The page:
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Organic yogurt wins migrants freedom from exploitation in Italy

Video guest: Josephine Mwangi

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Tuesday, 14 March 2017

Organic yogurt wins migrants freedom from exploitation in Italy

When race riots sparked by the shooting of two African migrant workers forced Suleiman Diara to abandon life as a fruit picker in southern Italy he decided to turn his hand to making yoghurt. With 30 euro ($32) borrowed from an Italian charity worker, he and a friend bought 15 litres of milk and tried their luck. Six years on, the two friends and five other migrants are running a small organic farming business that U.N. experts say is an example of sustainable agricultural development, which if replicated could help feed the growing global population. "We named it Barikama, which means 'resilience' as we went through many difficulties to open this company but we never gave up," he said referring to a term used in Bambara, a language spoken in his native Mali. Born in a rural area of southwestern Mali, Diara arrived in Italy on a migrant boat from Libya in 2008 hoping to make enough money to buy his family a cow and a plough. "We had no equipment to work the land and struggled to produce enough food for the whole year," he said. Italy has since become Europe's main entry point for refugees and migrants fleeing war and poverty in Africa and the Middle East. A record 181,000 crossed the Mediterranean last year, most on flimsy boats run by people smugglers. "I was told it would be easy to find a job in Italy," said the 32-year old. But the reality turned out to be different. Like thousands of others, Diara ended up working in vegetable fields and fruit orchards in conditions that have been described as exploitative and slave-like by rights groups and labour unions. In January 2010, he was picking oranges for 20 euros a day near the town of Rosarno, in the southern Calabria region, when a gang of white youths fired air rifles at a group of African migrants returning from work, injuring two of them. The shooting set off riots that led authorities to evacuate more than 1,000 migrants from the town, including Diara and his future business partners, who had been living in abandoned factories with no running water or electricity. The group ended up homeless in Rome, where they decided to have a go at producing organic yogurt.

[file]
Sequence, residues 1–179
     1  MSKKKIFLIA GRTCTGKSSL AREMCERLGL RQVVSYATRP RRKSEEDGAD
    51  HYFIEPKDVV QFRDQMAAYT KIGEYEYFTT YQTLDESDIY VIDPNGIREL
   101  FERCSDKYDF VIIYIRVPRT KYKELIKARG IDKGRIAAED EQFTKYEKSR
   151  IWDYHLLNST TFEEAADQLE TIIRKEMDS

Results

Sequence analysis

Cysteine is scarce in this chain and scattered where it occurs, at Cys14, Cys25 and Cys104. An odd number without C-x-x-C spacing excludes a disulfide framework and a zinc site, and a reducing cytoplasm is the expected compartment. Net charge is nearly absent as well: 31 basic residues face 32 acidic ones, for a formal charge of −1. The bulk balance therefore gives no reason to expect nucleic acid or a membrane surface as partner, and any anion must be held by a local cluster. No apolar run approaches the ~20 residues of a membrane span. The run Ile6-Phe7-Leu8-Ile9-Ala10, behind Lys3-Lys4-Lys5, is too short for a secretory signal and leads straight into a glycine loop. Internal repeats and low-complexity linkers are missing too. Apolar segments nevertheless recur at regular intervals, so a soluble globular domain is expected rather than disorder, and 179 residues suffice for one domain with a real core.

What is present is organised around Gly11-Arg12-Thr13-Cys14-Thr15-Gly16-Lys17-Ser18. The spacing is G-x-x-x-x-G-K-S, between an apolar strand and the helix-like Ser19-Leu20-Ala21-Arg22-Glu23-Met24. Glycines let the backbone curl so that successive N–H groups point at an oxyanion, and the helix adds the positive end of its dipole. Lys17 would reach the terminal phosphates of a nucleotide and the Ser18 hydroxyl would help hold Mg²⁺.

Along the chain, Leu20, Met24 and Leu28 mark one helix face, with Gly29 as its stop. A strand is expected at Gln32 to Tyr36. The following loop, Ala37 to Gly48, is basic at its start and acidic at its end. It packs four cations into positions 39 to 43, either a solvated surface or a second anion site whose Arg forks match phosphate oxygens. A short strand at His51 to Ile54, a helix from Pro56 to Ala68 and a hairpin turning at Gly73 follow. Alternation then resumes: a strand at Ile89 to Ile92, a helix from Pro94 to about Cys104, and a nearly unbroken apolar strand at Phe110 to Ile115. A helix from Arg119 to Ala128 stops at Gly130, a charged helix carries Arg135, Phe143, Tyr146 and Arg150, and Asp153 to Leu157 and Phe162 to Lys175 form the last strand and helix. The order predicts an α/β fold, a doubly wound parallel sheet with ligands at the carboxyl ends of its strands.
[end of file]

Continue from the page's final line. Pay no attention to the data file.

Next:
Source: Reuters